Tomorrow I am headed back across the Andes to San Martin where I´ll meet up with the gauchos I´ll be living with next month. More on that later. Gotta go. Hope all is well in your worlds. Until next time...

Sunday, May 20, 2007


Oops. At the end of my last entry I wrote the wrong city in Chile. I am going to Valdivia tomorrow. Valdivia.

San Carlos de Bariloche

Hola all! I´ve had an excellent couple of days here in San Carlos de Bariloche. Following a peaceful but tiring 20 hour bus trip from Buenos Aires I dropped my pack off at my hostel and headed out to explore the city. It was too late in the afternoon to venture out of the city itself and I was in the mood to hike so upon wandering across a street that went up up up into the trees I decided to embark on an urban trek. I ended up here.

Beautiful, a nice view of the lake, the town, the surrounding mountains; I was taking it all in untill...bark bark bark. I had the atttention of the neighborhood canine community. So I went on the retreat turning ack toward what I believed to be the way I came. Wrong. Before I knew it I was at a dead end. There was one medium sized dog that looked like a large coyote and behind a flimsy short fence a rottweiler and some other beast who seemed to be following the lead of the coyote, as if if the coyote decided to he could summon them both with one howl. I retreated into a wood and the dog stopped at the edge. He wasn´t going to attack, but neither was he going to leave. He backed down a bit and stopped barking so I decided to go for it. I picked up a large stick and went forth. As soon as I hit the street I turned right back around. I was stuck. Behind me was somewhat of a cliff that dropped into a thick pine forest. I spotted a ledge seven or so feet below me and slid down to it. I spent the next half hour descending into what ended up to be a pine grove so dense that I could hardly see. Long story short, I paused to let my eyes adjust to the light, enraged two other dogs and ended up in someones back yard on a highway that I walked into town. I got to hike after all...
That evening I grabbed a litre of beer and went to the shore to watch the sunset

Later that night I grabbed a bottle of wine and went back to the hostel where I met a guy from Berlin named Nils. We decided to climb a mountain the next day. And that was what we did. We hit the trail at about 8:30 at an elevation of about 700ft.

Behind Nils there is the low mountain that we had to go around and over to get to our destination, a valley at about 6500 feet, four hours least.

Here she is behind me in the distance

Two hours later we were both quite hungry and hadn´t reached our lunch spot yet, a small shelter at the mouth or our valley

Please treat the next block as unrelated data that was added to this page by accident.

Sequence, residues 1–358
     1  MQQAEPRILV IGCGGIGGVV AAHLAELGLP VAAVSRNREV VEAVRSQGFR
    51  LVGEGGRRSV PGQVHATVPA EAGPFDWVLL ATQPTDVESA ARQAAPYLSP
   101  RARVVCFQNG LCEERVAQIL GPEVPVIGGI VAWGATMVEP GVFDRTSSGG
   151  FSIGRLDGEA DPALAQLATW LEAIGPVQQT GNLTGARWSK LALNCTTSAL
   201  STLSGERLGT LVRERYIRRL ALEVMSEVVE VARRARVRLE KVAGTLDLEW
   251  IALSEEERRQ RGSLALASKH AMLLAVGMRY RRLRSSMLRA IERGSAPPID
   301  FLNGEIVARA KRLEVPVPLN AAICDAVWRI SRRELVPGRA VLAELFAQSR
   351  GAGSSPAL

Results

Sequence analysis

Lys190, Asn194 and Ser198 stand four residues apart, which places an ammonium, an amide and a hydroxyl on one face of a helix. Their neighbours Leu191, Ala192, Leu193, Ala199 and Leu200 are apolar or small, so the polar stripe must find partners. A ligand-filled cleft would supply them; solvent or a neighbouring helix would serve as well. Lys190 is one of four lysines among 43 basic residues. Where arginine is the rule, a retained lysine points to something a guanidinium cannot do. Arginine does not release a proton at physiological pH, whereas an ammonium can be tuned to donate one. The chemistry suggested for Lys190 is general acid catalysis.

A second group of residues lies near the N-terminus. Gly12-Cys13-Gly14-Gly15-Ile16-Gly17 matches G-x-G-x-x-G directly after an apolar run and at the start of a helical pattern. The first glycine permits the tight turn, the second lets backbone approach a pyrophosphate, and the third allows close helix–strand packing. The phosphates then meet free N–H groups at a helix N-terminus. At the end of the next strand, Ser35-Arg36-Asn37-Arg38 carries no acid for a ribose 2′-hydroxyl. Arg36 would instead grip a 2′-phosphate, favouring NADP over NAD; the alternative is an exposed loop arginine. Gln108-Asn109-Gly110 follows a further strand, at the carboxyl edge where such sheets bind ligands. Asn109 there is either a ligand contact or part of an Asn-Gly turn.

We finally got there and had lunch: cheese, sausage, bread and chocolate. It took this shot from the rock we had lunch on.

Beautiful. We then decided to scale those mountains out there in the distance. And though the valley, the lagoon to be more specific doesn´t look that big, it really is. We were pretty sure that up over ridge there in the left of the picture there was another lagoon. There was only one way to find out so off we went. Follow the water...

...and sure enough, we found the second lagoon. It was frozen solid. Here you can see the frozen lagoon on the far left and in the distance the first one where I had lunch.

We went on a ways. Up and towards the center of the mountains as seen from that photo taken from the lunch spot

Then we took another break. While we were relaxing and sharing a chocolate bar I spotted an Andean condor. It was hanging out on the other side of the valley, to our right. I can´t desribe the gracefulness of that bird or the peace that it brought over me that afternoon. Once it disappeared in distance we knew I was time to go. It would take about five hours to get back to the trail head. So down we went

A few thousand feet down we were once again in the forest. An autumn sunset accompanied us on our way back to civilization.

We made it to the bus stop at dusk. I showered, ate a steak and went to sleep. I had climbed my first mountain.
Tomorrow I am off to Chile. Vilicaria, Chile to be precise. Gonna hang out with the sea lions for a couple of days. Cheers!

Friday, May 18, 2007

Adios Buenos Aires

I arrived in San Carlos de Bariloche, Argentina this morning at about 10, after a twenty hour bus ride across the breadth of Argentina. I woke up to moonscape, predawn light just bright enough to make silhouettes of the few landforms on the horizon, most of them puffs of papmpa grasses. When I opened my eyes again the sun had peeked above the horizon and we were winding around dark lakes and the beginnings of the andes. I write this from my hostel surrounded by towering snow capped peaks, The Andes. The city itself sits on Lago Nahuel Haupi. I sat on the bank this morning and watched the waves wash the stones...the most cristal clear grey blue water I've ever seen. I watched the surging water rise and bend my vision of the colored stones it rushed over, I could see the bottom clearly through a four foot wave. I don't know what I'll do today, when I'll leave this place, or where I'm going next... But it is nice to be away from the city.